Wednesday, February 16, 2011

Resident Quality Seminars as Adult Education

A few weeks ago I wrote (See “Communicating Quality and the Principles of Adult Education - January 30th 2011) that adults learn what they want, and  how they want and accept the knowledge if it makes sense and is consistent with what we already know.  The educator needed to be seen to be organized and pragmatic and relevant and interesting.  If adults are motivated they learn better.  

So with this in mind, can I make any objective comments about my own teaching capabilities?

I got back the results from my Resident Seminar Series.  
To summarize, I put on a seminar series for anatomic and general pathology residents.  The series begins the week after New Years and my sessions start at 08:00 AM.  A draw to the academic half day program is that they get a free breakfast when they attend.  
Before I start the seminar series  I create an anonymous on-line survey that includes a series of 10 questions on quality facts, along with some demographic information.  I then present 7 hours of seminars over 4 sessions and give 1 hour to a guest presenter, and after that asked the group to respond to a second on-line survey which asked the same questions as before and added some additional comments on the series based on a 7 point Likert ranked scale with a maximum value of 6.0

The pre-seminar survey had 25 responders.  
On average there were 29-31 attenders to the seminar series.  Nearly everyone attended all 4 sessions.
The post-seminar survey had 14 responders.

So my first point.  Adult learners do what they want and respond to surveys if there is something on the table.  After the series we were able to get 14 responders (despite repeated requests).  Not getting a better response rate in the post-survey was annoying, but it is what is is.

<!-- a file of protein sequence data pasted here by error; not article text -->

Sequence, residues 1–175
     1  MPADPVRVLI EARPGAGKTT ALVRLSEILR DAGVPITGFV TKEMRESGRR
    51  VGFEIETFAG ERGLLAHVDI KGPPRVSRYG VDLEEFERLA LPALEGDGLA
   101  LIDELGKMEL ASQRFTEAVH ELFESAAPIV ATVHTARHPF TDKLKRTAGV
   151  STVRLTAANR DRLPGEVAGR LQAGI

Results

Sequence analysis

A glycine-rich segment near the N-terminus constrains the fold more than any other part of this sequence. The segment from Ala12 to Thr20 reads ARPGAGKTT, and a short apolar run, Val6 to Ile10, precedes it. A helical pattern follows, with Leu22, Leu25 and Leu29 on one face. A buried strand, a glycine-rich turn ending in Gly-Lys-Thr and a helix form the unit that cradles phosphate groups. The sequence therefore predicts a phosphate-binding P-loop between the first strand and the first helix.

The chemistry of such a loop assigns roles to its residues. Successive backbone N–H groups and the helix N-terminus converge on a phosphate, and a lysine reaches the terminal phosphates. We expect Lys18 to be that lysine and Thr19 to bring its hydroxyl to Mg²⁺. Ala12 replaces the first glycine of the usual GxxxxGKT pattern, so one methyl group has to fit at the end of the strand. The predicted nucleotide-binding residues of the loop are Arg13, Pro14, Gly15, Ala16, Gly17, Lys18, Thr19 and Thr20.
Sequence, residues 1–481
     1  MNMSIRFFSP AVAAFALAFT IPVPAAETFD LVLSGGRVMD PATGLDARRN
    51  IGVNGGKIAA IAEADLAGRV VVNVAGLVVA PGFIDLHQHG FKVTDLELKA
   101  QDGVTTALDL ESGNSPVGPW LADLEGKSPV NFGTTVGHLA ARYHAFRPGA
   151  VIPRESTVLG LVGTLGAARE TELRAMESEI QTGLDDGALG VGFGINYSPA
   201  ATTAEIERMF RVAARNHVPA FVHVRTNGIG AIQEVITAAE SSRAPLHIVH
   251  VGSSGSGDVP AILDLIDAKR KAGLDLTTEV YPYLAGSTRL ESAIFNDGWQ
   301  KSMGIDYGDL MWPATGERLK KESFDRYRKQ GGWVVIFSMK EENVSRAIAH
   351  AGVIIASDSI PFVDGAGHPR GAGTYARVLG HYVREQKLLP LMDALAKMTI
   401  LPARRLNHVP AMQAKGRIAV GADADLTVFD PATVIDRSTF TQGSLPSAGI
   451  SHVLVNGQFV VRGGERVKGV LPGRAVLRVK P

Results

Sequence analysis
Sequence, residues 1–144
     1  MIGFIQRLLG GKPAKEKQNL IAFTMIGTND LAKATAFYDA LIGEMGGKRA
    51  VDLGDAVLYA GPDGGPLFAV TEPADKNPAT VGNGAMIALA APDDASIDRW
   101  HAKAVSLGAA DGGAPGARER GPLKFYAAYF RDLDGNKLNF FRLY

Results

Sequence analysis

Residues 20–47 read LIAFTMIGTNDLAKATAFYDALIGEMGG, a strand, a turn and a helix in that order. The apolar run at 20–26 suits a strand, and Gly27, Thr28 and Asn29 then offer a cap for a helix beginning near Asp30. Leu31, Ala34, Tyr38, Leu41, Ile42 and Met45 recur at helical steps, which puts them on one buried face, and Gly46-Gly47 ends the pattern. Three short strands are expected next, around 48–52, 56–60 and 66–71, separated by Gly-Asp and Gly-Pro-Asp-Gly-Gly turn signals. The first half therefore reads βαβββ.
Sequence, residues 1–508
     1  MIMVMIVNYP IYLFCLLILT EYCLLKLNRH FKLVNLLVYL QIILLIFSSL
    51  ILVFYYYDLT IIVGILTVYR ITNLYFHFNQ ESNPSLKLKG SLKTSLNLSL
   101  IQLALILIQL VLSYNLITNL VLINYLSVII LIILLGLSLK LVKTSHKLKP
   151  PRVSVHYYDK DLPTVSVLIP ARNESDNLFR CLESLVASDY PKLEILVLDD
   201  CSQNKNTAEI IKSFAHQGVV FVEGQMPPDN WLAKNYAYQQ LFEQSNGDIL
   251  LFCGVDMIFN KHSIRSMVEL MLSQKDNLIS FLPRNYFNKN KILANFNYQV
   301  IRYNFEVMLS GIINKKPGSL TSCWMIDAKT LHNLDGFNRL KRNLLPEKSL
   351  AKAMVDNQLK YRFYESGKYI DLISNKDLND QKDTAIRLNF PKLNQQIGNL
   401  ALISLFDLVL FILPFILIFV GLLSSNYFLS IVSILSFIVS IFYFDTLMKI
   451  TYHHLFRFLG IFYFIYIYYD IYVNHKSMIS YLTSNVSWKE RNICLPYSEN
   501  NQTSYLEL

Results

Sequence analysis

My second point:  There was improvement in the responses to all the fact based questions.  There was significant improvement (yates corrected p<0.05) in 2 questions.

My third point:  The responders found the information relevant to their career (5.5/6.0)  informative (5.36/6.0), relevant to their residency (5.29/6/0), and relevant to preparation for examinations (5.07/6.0)  The weakest response was when the group found the information interesting (5.0/6.0).  

Overall I can this a success.  Not an overwhelming success, but a success none the less.  

What was encouraging was that after the series, one resident  approached the hospital quality manager to get engaged in a project, and one resident approached me on a similar topic.

The increase in knowledge performance was ojectively positive and in part significantly so.  And there is a powerful opinion and recognition that knowing something about quality is important in a laboratory career.

Discussion and Conclusion
The objective measures point to the seminar series as a measurable success with opportunities for improvement.

Teaching my on;line course is the ideal adult education situation.  The participants seek us out because they want the information.  There is money on the table.  They feel free to participate actively.
With residents, they are present because they feel required to be there, even if they don’t care.  At worst they still get a free breakfast.  There is no money on the table.  They feel free to drop out if they are not being entertained.   

Note to myself:  
Look forward to doing the seminar series again, maybe next year, more likely in 2 years.  
Make some changes to beef up interest.  
And importantly don’t take the weak response rate too personally.  If they really thought the series stunk they probably would have taken full advantage to let me know.  

The information will be presented more completely and formally during the POLQM Quality Weekend Workshop in June.  There will be an education breakout session.


  1. any other seminar this year on quality lab improvement

  2. We are not planning to do the resident Quality seminar series until January 2012. We will be hosting a Quality seminar at the Association for Medical Microbiology and Infectious Diseases meeting to be held in Vancouver at the Sheraton Wall Hotel in June 2012. Another conference to be held in October.



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